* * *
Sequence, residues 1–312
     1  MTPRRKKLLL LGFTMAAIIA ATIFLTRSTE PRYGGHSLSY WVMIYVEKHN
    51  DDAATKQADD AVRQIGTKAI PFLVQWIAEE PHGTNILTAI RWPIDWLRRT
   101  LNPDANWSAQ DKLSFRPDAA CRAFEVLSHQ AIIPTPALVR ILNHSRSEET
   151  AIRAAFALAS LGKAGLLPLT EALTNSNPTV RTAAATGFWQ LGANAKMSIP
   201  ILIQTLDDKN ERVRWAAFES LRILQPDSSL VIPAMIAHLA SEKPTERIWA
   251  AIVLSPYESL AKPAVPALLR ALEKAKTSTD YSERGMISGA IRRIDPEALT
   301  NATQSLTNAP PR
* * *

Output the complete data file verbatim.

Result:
Sequence, residues 1–312
     1  MTPRRKKLLL LGFTMAAIIA ATIFLTRSTE PRYGGHSLSY WVMIYVEKHN
    51  DDAATKQADD AVRQIGTKAI PFLVQWIAEE PHGTNILTAI RWPIDWLRRT
   101  LNPDANWSAQ DKLSFRPDAA CRAFEVLSHQ AIIPTPALVR ILNHSRSEET
   151  AIRAAFALAS LGKAGLLPLT EALTNSNPTV RTAAATGFWQ LGANAKMSIP
   201  ILIQTLDDKN ERVRWAAFES LRILQPDSSL VIPAMIAHLA SEKPTERIWA
   251  AIVLSPYESL AKPAVPALLR ALEKAKTSTD YSERGMISGA IRRIDPEALT
   301  NATQSLTNAP PR